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Despite Troubled Climate, Hotelier Goes Forward With Chelsea Plan On the evening of Feb. 6, hotelier Richard Born sat on

Despite Troubled Climate, Hotelier Goes Forward With Chelsea Plan

On the evening of Feb. 6, hotelier Richard Born sat on the scuffed wooden stage of an auditorium in Chelsea holding a microphone. Looking tan and relaxed in a dark gray suit and black turtleneck, the man behind the Mercer and Chambers hotels let his feet dangle casually as he listened to a barrage of questions from local residents and members of Community Board 4 about his plans for a new hotel on Ninth Avenue, between 16th and 17th streets.

“Most people that I speak to think I’m absolutely nuts to do this,” he said, his voice bouncing off the cinderblock walls.

With tourism in the city sucker-punched by Sept. 11 and the recent economic downturn, hotel occupancy rates have plummeted (to about 73 percent last year, from a high of 83 percent in 2000) and average room rates have gone south, from $237 in 2000 to a projected $182 this year. In this climate, plans for new hotels are being unceremoniously shoved onto back burners all over town. A new development by Ian Schrager on Astor Place is on hold, as are two of Mr. Born’s own new construction proj-ects: a joint venture with Mr. Schrager on Bond Street and one with Robert De Niro in Tribeca.

But Mr. Born is going full steam ahead in Chelsea. It’s the one project he says he can afford in this environment. The site is an already-existing building, which makes the project economically feasible. Mr. Born is under contract to purchase the 11-story New York Service Center, which was once part of the Covenant House complex and is notable for its porthole-like windows. Erected by the National Maritime Union in 1960, the building was sold to the Covenant House for wayward children in the mid-80’s. The Covenant House sold it in 1996 to the Chinese government, which has been using it to house visiting Chinese scholars. The ticket price for the combined purchase and renovation of the building is about $30 million, far less than the cost of new construction. “I think this is a fantastic building,” Mr. Born told The Observer .”Those round windows inside are phenomenal; the light streaming in in the afternoon-it’s just spectacular.”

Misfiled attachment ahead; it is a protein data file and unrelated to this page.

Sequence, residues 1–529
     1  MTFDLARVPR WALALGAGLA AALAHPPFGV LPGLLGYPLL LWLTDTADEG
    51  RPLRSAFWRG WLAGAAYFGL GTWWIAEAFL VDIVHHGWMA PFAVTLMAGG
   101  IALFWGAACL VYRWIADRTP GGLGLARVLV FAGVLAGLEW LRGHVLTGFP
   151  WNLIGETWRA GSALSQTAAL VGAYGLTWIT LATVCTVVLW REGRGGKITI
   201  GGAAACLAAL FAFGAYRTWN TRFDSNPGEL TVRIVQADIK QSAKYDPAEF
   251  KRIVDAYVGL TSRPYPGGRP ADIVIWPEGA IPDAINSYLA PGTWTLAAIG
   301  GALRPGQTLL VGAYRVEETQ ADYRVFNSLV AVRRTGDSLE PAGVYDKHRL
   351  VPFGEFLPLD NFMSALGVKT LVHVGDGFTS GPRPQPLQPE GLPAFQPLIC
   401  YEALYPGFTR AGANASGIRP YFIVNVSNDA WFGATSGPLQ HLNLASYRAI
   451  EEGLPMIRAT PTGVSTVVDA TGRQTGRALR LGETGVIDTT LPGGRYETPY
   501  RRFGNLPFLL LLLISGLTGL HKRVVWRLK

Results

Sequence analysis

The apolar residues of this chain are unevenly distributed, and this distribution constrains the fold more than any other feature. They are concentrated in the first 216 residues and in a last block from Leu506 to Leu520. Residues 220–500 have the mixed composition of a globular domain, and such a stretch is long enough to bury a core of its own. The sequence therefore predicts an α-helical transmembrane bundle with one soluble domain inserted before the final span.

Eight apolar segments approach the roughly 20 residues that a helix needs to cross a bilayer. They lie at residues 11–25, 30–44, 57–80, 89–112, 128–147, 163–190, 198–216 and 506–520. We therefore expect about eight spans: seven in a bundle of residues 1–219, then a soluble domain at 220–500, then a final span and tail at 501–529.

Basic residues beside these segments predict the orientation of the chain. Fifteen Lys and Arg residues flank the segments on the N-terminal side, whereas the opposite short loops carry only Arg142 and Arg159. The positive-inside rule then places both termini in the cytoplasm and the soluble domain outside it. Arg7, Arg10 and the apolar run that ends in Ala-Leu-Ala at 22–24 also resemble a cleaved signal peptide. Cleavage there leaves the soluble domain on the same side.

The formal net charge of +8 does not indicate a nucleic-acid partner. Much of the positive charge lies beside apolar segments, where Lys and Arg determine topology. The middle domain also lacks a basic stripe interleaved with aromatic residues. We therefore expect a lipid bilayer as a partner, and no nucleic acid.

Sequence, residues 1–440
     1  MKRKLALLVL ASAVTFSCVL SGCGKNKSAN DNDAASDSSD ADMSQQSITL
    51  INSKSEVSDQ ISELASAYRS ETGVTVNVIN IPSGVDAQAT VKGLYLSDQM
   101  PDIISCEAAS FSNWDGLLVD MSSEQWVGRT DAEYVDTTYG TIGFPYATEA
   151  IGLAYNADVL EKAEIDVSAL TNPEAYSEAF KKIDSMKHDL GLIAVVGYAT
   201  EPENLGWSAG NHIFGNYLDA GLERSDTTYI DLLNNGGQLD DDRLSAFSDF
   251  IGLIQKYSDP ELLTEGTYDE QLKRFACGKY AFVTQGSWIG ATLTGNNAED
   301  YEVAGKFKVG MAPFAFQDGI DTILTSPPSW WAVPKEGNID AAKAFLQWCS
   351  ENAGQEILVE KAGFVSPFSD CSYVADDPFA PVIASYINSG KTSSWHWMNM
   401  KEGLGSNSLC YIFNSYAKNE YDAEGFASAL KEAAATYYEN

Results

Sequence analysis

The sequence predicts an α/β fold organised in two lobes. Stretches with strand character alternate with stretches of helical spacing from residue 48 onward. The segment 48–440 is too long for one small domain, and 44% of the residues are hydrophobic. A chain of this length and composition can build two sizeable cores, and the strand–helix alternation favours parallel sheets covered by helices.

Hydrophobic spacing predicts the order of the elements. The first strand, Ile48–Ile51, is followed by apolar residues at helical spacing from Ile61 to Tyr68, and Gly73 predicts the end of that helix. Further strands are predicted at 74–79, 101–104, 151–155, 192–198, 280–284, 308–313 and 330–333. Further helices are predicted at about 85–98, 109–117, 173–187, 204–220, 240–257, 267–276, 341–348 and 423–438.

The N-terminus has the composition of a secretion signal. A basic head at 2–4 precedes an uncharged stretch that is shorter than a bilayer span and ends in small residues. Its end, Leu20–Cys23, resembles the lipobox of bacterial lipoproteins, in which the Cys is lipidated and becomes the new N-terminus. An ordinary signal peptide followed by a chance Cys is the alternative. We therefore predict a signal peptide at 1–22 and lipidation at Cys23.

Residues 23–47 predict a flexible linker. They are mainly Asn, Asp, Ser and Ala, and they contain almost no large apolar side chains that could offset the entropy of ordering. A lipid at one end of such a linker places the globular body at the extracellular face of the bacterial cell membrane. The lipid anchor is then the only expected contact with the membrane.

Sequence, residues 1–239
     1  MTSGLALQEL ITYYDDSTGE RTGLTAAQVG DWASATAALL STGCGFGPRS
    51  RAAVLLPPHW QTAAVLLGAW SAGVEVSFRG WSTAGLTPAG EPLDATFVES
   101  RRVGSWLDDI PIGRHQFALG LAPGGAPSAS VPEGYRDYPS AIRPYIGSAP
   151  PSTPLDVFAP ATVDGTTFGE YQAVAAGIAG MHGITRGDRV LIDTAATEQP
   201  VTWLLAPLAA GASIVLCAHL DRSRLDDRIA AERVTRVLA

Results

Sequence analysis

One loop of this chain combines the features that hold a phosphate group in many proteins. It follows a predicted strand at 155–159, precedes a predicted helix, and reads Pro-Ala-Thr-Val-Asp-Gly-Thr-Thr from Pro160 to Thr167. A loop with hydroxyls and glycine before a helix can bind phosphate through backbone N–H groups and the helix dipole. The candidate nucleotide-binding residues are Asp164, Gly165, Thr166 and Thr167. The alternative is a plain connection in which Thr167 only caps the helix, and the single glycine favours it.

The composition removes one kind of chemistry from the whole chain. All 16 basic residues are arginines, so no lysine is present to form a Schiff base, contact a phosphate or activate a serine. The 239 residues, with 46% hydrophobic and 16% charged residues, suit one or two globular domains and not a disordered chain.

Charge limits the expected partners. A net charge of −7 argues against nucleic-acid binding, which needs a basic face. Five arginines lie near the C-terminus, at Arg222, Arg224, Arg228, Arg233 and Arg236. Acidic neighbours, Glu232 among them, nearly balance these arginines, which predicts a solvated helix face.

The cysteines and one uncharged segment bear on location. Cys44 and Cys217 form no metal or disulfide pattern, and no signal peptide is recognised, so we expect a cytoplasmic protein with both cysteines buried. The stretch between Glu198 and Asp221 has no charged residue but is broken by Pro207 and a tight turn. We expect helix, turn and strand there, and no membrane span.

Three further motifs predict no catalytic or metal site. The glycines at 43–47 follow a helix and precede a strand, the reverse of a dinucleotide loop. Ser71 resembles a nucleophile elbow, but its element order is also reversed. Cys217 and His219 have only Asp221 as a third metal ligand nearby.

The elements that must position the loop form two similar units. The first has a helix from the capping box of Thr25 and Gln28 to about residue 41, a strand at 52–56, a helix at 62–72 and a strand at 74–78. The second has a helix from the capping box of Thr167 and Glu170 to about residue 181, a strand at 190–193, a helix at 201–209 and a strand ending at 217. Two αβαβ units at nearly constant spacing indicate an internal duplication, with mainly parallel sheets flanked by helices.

Mr. Born plans to leave the portholes intact and carry the nautical theme to the interior design of the 124 rooms, which he envisions as being something reminiscent of “the state room of a yacht, probably with a fair amount of wood.” He also intends to build a one-story, 120-seat restaurant and cocktail lounge on the plaza that separates the hotel from Ninth Avenue. Mr. Born described the hotel as mid-range, somewhere around $200 per night, and said that it will aim to attract leisure as well as business travelers.

Will it be the next scene about town? Mr. Born says no. He’s going for “contemporary and sophisticated, but not mayhem. The idea is not to create a party,” he told The Observer , though he skillfully avoided answering direct questions from local residents as to what time the restaurant and bar would close.

In addition to fears of patrons causing a ruckus on the street, concerns expressed by residents included congestion at the hotel’s main entrance on 16th Street, where traffic frequently builds up because of crowding on 14th Street.

Mr. Born came before the board seeking its blessing on a zoning variance that would allow more commercial activity on the lot. In its resolution, the board urged Mr. Born to conduct a traffic study to be sure that access to his hotel won’t cause problems. The board also asked Mr. Born for a written pledge that he will tap the neighborhood when filling the 150 or so jobs the hotel is expected to create when it opens in the spring of 2003. Mr. Born acquiesced and the board approved the variance, with 35 votes in favor and one abstention. “It’s such a crazy building, we’re lucky to get this,” said board member Ed Kirkland.

Encouraged by Mr. Born’s generally positive track record in other communities where he operates, the board members were largely behind the project, hoping that it will bring increased security as well as jobs to the area-so long as the venture stays afloat. “He may have his rose-colored glasses on to be opening at all,” said board member Cheryl Kupper.

Mr. Born agrees with the doubters. “The reason I’m going through with this project is because I am nuts,” he reiterated to The Observer . But he also says that he and his partner, Ira Drukier, are “long-term believers in the city.” With all those other new projects on hold, his as-yet-unnamed hotel (“It’ll just come to me one day,” he said) may be the only new opening next spring. “We may turn out, in retrospect, to look very smart,” he said.

-Karina Lahni

Feb. 13: Board 6, New York University Medical Center, 550 First Avenue, Classroom B, 7 p.m., 319-3750.

Feb. 14: Board 5, Fashion Institute of Technology, 227 West 27th Street, Building A, eighth floor, 6 p.m., 465-0907.

Feb. 19: Board 11, La Guardia House, basement, 307 East 116th Street, 6:30 p.m., 831-8929; Board 3, P.S. 20, 166 Essex Street, 6:30 p.m., 533-5300.

Manhattan Community Boards